Erotic art covers any artistic work including paintings, sculptures, photographs, music and writings that is intended to evoke erotic arousal or that depicts scenes of love-making.
Some believe defining eroticism may be difficult since perceptions of what is erotic fluctuate. For example, a voluptuous nude painting by Peter Paul Rubens could have been considered erotic or pornographic when it was created for a private patron in the 17th century. Similarly in the United Kingdom and United States, D. H. Lawrence's sexually explicit novel Lady Chatterley's Lover was considered obscene and unfit for publication and circulation in many nations thirty years after it was completed in 1928, but may now be part of standard literary school texts in some areas. In a different context, a sculpture of a phallus in Africa may be considered a traditional symbol of potency though not overtly erotic.
A further distinction needs be made between erotic art and pornography, which also depicts scenes of love-making and is intended to evoke erotic arousal, but is by definition not fine art. However, no such objective distinction exists; the (lack of) distinction is sometimes facetiously summed up as "That which I like is erotica; that which you like is pornography."
Among the oldest surviving examples of art are paleolithic cave paintings and carvings. Among the more common images of animals and hunting scenes, depictions of human genitalia, thought to be fertility symbols, may be found. For example, a recently discovered cave art at Creswell Crags in England, thought to be over 12,000 years old, includes some symbols thought to be stylized versions of female genitalia. However we have no indication that these were made for erotic stimulation, it is far more likely that these were objects used in religious rituals. 
The earliest clearly salacious depictions of sexual behavior can be found on ancient Greek ceramics. Some of them are renowned because they contain some of the earliest known depictions of same-sex erotic behavior.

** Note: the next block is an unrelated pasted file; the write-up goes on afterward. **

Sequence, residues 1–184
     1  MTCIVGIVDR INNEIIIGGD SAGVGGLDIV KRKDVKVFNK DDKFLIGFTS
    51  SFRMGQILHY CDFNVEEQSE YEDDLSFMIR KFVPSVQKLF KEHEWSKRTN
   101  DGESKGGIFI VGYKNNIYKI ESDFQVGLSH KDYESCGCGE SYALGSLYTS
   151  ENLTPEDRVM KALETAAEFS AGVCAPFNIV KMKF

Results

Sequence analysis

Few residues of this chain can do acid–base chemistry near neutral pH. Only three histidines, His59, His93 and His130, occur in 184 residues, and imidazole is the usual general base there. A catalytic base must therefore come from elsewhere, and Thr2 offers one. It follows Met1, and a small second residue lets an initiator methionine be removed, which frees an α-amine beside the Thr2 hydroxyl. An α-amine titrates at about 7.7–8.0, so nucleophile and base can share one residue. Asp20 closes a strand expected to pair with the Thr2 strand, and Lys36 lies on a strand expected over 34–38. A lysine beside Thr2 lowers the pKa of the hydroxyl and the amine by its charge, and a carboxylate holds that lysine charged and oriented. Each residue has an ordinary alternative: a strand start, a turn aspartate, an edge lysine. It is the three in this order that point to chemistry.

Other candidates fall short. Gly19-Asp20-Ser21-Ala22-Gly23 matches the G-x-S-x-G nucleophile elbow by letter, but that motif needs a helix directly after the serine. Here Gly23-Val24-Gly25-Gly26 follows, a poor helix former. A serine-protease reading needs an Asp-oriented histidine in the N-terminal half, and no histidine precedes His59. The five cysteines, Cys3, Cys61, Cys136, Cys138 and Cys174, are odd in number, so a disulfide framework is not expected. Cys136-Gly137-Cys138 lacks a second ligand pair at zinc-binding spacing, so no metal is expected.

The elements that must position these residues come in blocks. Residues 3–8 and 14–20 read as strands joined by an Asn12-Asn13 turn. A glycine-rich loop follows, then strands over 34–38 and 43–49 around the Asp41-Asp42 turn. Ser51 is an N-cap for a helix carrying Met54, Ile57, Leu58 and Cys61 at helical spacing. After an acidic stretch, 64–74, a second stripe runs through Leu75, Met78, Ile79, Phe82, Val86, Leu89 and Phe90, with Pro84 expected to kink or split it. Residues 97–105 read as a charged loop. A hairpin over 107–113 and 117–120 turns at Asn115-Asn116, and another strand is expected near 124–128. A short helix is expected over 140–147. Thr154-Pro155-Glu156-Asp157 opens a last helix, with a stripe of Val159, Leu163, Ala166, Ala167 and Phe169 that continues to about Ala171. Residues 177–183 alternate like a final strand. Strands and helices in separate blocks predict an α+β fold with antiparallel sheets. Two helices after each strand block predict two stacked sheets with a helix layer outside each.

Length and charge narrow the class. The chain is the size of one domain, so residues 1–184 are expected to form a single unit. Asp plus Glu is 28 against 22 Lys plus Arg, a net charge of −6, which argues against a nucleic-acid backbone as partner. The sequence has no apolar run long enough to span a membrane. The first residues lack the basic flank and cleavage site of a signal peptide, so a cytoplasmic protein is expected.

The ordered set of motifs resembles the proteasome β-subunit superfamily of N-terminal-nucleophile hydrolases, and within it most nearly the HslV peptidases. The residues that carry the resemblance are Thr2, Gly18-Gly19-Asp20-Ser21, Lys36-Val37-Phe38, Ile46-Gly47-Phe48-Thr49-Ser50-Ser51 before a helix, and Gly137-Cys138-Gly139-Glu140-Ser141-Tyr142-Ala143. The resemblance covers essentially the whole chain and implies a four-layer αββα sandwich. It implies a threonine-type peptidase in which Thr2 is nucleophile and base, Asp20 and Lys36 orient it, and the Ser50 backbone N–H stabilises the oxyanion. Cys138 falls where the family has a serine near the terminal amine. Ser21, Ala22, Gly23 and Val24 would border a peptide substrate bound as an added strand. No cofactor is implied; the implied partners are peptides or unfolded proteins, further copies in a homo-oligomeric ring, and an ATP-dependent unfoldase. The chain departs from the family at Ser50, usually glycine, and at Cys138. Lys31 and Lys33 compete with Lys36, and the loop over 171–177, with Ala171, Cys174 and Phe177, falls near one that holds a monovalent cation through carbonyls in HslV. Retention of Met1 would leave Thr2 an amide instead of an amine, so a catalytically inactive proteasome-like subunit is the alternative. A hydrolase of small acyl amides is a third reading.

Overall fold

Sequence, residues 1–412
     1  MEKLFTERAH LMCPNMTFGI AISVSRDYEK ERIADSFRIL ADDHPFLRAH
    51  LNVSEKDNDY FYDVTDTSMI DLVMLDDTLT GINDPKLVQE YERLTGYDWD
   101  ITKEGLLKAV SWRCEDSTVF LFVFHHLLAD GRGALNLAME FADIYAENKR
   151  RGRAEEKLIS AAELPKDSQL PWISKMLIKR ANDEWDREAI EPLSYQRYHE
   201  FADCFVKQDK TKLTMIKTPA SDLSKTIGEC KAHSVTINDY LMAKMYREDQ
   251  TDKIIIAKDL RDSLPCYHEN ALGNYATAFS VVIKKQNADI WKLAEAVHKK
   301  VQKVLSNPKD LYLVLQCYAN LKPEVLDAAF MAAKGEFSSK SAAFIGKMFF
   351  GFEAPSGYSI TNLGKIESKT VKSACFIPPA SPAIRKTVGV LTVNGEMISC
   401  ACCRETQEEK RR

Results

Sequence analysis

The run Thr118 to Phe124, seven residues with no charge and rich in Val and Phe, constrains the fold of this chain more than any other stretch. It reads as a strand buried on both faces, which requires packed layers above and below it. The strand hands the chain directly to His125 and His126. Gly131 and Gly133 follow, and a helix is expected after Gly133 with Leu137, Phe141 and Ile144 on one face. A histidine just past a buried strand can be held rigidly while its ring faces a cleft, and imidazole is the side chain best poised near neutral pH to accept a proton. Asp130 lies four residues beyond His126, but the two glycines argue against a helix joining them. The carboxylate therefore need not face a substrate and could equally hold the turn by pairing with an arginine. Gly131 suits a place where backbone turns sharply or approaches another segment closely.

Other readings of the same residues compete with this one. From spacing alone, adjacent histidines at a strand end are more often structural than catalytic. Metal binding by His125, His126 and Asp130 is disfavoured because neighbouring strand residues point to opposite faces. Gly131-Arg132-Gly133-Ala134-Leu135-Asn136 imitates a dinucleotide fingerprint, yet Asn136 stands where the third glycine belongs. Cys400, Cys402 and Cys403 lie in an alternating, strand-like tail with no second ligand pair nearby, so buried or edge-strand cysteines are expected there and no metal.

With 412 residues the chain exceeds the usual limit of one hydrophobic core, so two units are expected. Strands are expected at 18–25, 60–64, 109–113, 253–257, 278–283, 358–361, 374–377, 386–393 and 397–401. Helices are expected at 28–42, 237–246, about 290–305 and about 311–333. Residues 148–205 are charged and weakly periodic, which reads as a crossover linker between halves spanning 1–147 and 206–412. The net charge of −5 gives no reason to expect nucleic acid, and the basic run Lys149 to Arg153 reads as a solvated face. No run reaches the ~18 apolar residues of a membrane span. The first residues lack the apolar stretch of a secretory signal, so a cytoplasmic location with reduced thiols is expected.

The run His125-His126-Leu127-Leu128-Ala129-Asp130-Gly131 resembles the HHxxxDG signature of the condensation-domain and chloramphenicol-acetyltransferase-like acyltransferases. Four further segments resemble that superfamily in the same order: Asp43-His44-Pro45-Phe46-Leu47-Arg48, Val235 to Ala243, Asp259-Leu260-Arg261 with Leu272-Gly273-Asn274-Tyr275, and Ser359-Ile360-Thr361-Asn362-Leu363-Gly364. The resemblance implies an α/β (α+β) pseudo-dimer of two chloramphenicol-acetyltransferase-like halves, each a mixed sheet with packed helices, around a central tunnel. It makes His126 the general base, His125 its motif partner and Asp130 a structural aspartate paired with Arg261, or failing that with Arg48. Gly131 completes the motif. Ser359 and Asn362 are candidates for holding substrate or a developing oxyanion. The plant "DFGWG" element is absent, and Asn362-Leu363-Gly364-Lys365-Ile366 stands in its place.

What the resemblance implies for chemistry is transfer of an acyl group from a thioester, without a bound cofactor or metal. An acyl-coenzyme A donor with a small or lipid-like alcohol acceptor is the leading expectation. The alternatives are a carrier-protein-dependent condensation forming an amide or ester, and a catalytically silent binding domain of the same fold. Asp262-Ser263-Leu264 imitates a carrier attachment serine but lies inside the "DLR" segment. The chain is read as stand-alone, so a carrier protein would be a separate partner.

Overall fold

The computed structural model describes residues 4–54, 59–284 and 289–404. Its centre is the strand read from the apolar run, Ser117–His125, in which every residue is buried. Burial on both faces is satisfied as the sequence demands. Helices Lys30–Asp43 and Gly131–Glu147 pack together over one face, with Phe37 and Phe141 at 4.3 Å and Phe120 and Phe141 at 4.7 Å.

Another famous example comes from the Roman town of Pompeii which was simultaneously destroyed and preserved by the eruption of Vesuvius in AD 79. Several of the houses excavated had rooms with detailed and sexually explicit murals. For more see: Erotic art in Pompeii.
In Europe, starting with the Renaissance, there was a tradition of producing erotica for the amusement of the aristocracy. In 1601 Caravaggio painted the "Love Triumphant," for the collection of the Marquis Vincenzo Giustiniani. The latter is reputed to have kept it hidden behind a curtain to show only to his friends, as it was seen as a blatant celebration of sodomy. The tradition was continued by other, more modern painters, such as Fragonard, Courbet, Millet, Balthus, Picasso, Degas, Toulouse-Lautrec, Egon Schiele, who served time in jail and had several works destroyed by the authorities for offending turn-of-the-century Austrian mores with his depiction of nude young girls, and so on.
However, the Europeans pale before the great erotic artists of the east. Unencumbered by Christian dogma, Japan, China, India, Persia and other lands produced copious quantities of art celebrating the human faculty of love. The works depict love between men and women as well as same-sex love. In Japan, the erotic art found its greatest flowering in the medium of the woodblock print.
The style is known as shunga (pictures of spring), with some of its greatest practitioners (Harunobu, Utamaro, etc.) producing large numbers of works. Painted hand scrolls were also very popular. The Chinese tradition of the erotic is extensive, with remarkable examples of the art dating back as far as the Yuan period (1280-1367). Unfortunately not much survives as a result of Mao Zedong's revisionist destruction of pre-communist art during his Great Leap Forward.
Whether or not an instance of erotic art is obscene depends on the standards of the community in which it is displayed.
In the United States, the 1973 ruling of the Supreme Court of the United States in Miller v. California established a three-tiered test to determine what was obscene - and thus not protected, versus what was merely erotic and thus protected by the First Amendment.
Delievering the opinion of the court, Chief Justice Warren Burger wrote, "The basic guidelines for the trier of fact must be: (a) whether 'the average person, applying contemporary community standards' would find that the work, taken as a whole, appeals to the prurient interest, (b) whether the work depicts or describes, in a patently offensive way, sexual conduct specifically defined by the applicable state law; and (c) whether the work, taken as a whole, lacks serious literary, artistic, political, or scientific value."